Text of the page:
Recently on social media, some of us were reflecting on our favorite .22 rifles. And that got me to thinking about childhood, that first .22 rifle, and the fun we had plinking. For most of us, plinking was defined as informal shooting sessions at various and informal targets. Sometimes we get caught up in our various shooting persuasions and simply forget how much fun it was to go plinking.
Plinking can be a great way to introduce new and young shooters to the joys of the shooting sports. And, goodness knows, right now it would really be a good idea to introduce young shooters to the enjoyment of safe shooting sports. It’s a way to bring on the next generation and to reinforce the importance of the Second Amendment.
In any shooting session, but especially with young shooters, safety must always be the most important aspect of every trip to the range. Regardless of where we shoot, we should always make sure that the bullets will go into a suitable backstop. But we also need to be careful not to set a bad example by shooting at any sort of glass object or anything that is likely to cause a ricochet or injury to others.Some of the best plinking targets consist of various biodegradable objects that do not cause a danger to others and can be absorbed back into the soil. Raiding the refrigerator for old fruits and vegetables provides a good source of targets—and they will splatter when hit, providing a bit more excitement for the kids. Letting the kids shoot some pieces of fruit with a .22 LR hollowpoint will reinforce the idea that their .22 is not a toy.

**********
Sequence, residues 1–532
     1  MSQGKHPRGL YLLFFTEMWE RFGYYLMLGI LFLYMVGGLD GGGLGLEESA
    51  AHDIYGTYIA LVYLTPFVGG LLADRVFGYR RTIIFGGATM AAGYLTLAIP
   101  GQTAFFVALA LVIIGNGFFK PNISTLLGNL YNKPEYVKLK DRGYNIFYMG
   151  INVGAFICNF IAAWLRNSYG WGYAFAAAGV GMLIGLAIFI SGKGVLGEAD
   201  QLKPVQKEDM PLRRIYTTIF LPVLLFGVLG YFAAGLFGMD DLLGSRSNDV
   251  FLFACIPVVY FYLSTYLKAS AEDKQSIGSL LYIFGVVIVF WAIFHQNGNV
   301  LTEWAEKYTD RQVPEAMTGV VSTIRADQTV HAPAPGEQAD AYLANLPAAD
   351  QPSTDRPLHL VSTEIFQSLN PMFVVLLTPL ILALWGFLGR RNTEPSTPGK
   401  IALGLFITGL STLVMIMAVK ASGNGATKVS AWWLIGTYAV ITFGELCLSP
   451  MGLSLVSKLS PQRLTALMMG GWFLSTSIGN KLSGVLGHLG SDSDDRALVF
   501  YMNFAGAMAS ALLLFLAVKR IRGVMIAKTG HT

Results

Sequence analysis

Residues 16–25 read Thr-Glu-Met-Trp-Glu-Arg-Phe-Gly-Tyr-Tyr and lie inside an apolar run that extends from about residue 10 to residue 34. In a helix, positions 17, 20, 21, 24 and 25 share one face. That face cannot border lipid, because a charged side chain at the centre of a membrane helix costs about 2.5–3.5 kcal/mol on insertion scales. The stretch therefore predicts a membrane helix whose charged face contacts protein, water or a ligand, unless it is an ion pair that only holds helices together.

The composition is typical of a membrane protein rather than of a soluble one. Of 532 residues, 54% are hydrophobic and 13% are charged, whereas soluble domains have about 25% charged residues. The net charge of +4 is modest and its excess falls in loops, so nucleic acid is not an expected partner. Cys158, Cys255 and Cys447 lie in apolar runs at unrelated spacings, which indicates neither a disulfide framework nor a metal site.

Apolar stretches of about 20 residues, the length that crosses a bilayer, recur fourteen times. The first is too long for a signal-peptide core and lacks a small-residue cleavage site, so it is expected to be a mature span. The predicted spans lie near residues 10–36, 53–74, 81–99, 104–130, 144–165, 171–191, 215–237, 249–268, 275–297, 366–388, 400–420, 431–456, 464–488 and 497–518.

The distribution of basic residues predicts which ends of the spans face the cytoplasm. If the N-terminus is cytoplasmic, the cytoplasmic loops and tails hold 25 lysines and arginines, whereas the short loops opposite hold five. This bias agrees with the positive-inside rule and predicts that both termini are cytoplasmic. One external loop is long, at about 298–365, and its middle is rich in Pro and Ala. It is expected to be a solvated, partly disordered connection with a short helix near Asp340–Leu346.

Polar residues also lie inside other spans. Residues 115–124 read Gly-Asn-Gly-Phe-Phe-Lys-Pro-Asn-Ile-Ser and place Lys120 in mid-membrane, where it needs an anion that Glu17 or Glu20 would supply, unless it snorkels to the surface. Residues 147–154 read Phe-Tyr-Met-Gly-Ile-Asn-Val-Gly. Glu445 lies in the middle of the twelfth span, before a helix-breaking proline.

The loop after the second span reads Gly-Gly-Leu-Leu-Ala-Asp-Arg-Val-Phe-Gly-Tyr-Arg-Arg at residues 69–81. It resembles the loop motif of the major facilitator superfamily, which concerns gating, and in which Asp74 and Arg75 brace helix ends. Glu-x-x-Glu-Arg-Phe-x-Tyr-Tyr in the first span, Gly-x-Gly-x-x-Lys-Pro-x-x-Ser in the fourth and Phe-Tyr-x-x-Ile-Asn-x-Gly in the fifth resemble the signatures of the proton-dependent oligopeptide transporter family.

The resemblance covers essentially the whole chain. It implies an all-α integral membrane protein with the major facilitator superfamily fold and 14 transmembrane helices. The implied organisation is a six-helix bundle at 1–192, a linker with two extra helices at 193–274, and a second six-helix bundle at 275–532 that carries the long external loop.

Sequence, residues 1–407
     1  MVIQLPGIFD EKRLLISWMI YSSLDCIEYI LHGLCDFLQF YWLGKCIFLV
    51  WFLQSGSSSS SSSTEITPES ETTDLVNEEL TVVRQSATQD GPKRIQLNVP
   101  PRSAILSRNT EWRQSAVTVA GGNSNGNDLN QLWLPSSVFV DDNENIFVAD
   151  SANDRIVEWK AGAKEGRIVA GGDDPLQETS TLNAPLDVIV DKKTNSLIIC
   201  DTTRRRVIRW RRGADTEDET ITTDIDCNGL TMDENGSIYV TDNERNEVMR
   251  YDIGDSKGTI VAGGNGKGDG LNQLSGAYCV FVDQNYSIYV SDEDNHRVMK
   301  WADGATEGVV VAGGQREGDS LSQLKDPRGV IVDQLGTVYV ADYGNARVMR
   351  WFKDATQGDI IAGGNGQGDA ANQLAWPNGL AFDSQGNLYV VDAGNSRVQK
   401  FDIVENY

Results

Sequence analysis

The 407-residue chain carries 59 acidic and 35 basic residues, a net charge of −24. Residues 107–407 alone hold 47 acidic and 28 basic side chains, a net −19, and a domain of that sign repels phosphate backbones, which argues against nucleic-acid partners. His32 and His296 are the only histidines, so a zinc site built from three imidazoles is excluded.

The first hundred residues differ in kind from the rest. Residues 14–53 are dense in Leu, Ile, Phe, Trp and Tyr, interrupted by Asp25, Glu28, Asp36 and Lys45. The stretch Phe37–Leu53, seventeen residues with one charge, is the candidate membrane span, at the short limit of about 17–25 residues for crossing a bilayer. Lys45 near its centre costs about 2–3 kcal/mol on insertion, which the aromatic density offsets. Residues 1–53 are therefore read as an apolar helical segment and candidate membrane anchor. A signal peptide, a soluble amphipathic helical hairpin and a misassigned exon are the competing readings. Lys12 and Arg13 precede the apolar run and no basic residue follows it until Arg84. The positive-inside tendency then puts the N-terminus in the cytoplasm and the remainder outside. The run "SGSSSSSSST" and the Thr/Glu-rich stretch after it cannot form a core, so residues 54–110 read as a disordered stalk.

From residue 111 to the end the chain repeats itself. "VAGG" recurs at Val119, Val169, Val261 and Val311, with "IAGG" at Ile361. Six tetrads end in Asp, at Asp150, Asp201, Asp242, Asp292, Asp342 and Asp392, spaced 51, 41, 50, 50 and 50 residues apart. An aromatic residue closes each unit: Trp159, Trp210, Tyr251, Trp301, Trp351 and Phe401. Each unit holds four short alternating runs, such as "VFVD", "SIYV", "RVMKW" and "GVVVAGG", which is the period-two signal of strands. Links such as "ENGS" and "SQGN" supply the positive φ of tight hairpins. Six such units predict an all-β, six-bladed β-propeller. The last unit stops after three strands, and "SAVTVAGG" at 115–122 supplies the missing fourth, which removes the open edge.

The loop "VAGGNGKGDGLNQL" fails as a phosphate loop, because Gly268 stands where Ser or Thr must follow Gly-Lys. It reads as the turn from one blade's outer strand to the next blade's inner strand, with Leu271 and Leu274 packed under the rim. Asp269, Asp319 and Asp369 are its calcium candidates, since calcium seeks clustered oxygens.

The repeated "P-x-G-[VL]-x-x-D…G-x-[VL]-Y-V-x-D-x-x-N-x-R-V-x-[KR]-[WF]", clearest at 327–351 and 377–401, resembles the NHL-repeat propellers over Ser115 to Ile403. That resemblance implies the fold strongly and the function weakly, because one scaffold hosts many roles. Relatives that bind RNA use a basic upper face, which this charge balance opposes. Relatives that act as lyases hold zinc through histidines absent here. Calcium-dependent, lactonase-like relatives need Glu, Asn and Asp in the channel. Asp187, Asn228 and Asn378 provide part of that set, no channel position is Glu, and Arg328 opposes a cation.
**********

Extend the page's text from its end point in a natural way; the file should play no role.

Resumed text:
One of the best sources of targets that I have found for plinking are charcoal briquettes. I’ll scatter them out on the ground at various ranges. These make a nice gray “smoke” when hit with a .22 bullet and leave no doubt when the shot has been dead on.
Going online, parents can find all sorts of spinning targets that are suitable for plinking with rimfire firearms. And don’t forget the various zombie targets that the kids like, too. I have found that using plinking targets that do something when they are hit really helps keep the kids’ interest up and their attention focused on the task at hand. They learn safety and marksmanship much more quickly when the fun level is high.
Regardless of what kind of targets you use for plinking, be sure to clean things up before you leave the area. It is not good PR for the shooting sports if someone has to come along and clean up your mess. I have fun watching a group of parents taking their kids out for a day of plinking. It’s supposed to be about the kids, right? It nearly always ends up with the adults grabbing the guns and trying to outdo each other. It just naturally takes us all back to our childhood. But you really ought to remember to let the kids shoot, too—once in a while— it’s the right thing to do!